Pittsburgh Pirates: The Grilli Situation
Jason Grilli, who missed time last season with a flexor strain in his right forearm, is taking things at a much slower pace than other Pirate pitchers during Spring Training. According to team sources, Grilli is scheduled to make his debut in game action today against the Blue Jays, which will be an important first step if he is to begin the regular season on time. He was dominant last season, striking out 74 and walking only 13 in 50 innings while maintaining a 14.5% swinging strike rate. This led to 33 saves in 35 chances. The Pirates do have the luxury of being cautious with Grilli, as Mark Melancon, minus a few minor bumps, was simply dominant for the majority of the season as well, striking out 70 and walking 8 in 70 innings (yes, 8!). Perhaps Grilli's slider usage and age are catching up with him, so I do see a fair amount of risk with him this year. Even in the base case scenario, the Pirates are likely to manage him and spell him on occasion, so if you draft Grilli, do your best to handcuff him with Melancon. Unless he falls past that 145 NFBC ADP, I'm avoiding.
Pittsburgh Pirates: Francisco Liriano, Are You For Real?
After an inauspicious beginning to his spring, Liriano looked much better on Monday, blanking the Red Sox on 25 pitches across two innings. Liriano had quite the comeback season in 2013, posting a 3.02 ERA/3.12 xFIP, a 24.5% K-rate, and an improved 9.5% BB-rate. Incorporating more of his changeup into the mix, he saw a healthy increase in his overall chase-rate. Besides the quantitative indicators, one big qualitative one backs it up: The Searage Effect. Liriano spoke at length last season about the adjustments he made, whether mechanically with later timing in his delivery, to sequencing. While we project some minor regression in seeing his strand rate normalize, at his current NFBC ADP of 165, there is still value there.
Arizona Diamondbacks: A Fierce Battle at Short
The DBacks have embraced the competition for the starting shortstop gig between Chris Owings and Didi Gregorius. While neither has gotten off to a fast start at the plate, they both bring their own unique skill sets to the table. For the purposes of our fantasy game, Owings brings much more upside. He hit 12 homers and stole 20 bases, while posting a .330/.359/.482 line in 125 AAA games last season. However, he logged these stats while playing for the Reno Aces of the Pacific Coast League, a notorious hitter's environment. Add in his ugly .22 EYE, and I see him taking some time to put his tools to use in the Majors. Even if Owings finds a starting gig either with the DBacks or another team by the end of Spring Training, I advise tempering expectations. AL/NL-only leaguers should watch this battle closely, as one of them could easily find themselves in the AL by April.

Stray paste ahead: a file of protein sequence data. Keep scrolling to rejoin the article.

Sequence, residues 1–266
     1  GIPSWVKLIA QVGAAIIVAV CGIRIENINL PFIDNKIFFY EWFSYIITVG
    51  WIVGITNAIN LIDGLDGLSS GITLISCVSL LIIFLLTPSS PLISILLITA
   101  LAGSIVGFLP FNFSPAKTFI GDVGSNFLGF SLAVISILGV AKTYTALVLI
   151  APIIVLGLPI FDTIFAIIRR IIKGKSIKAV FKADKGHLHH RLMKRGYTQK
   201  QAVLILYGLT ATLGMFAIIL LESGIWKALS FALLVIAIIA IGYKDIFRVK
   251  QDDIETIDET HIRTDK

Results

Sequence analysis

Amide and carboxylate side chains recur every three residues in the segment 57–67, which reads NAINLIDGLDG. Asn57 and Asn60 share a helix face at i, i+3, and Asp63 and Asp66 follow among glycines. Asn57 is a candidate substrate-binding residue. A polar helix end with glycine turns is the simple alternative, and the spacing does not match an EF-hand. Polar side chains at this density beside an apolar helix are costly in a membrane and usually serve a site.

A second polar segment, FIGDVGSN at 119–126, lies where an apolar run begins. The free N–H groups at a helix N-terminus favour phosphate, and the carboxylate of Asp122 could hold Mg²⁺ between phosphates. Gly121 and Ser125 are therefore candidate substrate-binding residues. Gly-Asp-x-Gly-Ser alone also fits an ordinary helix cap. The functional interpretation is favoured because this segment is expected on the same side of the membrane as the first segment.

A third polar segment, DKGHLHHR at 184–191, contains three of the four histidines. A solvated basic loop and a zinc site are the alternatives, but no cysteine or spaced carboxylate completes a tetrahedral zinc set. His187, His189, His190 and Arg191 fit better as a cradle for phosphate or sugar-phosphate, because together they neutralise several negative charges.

Arizona Diamondbacks: Pollock's Time?
The starting centerfield position and leadoff role appear to be A.J. Pollock's heading into 2014. With the injury to Adam Eaton last season, Pollock put up a respectable .269/.322/.409 line with 8 homers and 12 steals in 137 games. As Pollock himself admits, he must work on his approach at the plate and be more selective, as his 6.8% BB-rate indicates. His defense will give him a long leash, and he draws rave reviews for his make-up and work ethic. I see him making modest improvements in his approach, which should lead to more solid contact and a higher line-drive rate. He is going off the board as the #84 OF in NFBC leagues (355 overall); I love the value, and think he could easily post top 60 OF production.
Los Angeles Angels of Anaheim: Post-Hype Prospect or a Trap to Avoid?
Tyler Skaggs, who struggled a bit on Tuesday in 2 and 1/3 innings, is considered the favorite by most to win the no. 5 starter gig out of camp. An elite prospect and consensus blue-chipper just two short years ago, Skaggs endured a rough 2013 that saw his velocity plummet and his stuff diminish. He notably walked 47 in 109 and 2/3 innings at AAA. Will the change of scenery and a chance at a permanent spot in a big league rotation do him good and tap into his ceiling? I'm skeptical. His velocity has gone from 91-94 to 86-89 MPH on his fastball, largely a result of what many scouts and analysts see as inefficiencies in his delivery. Doug Thorburn and Paul Sporer, for instance, have noted his shallow extension and his tendency to release the ball too early, allowing hitters to pick up the ball easier and diminishing the explosiveness of his pitches. While Skaggs is working on his mechanics and the raw talent is there, I'm approaching him with extreme caution in re-draft leagues and looking at him more in AL-Only leagues.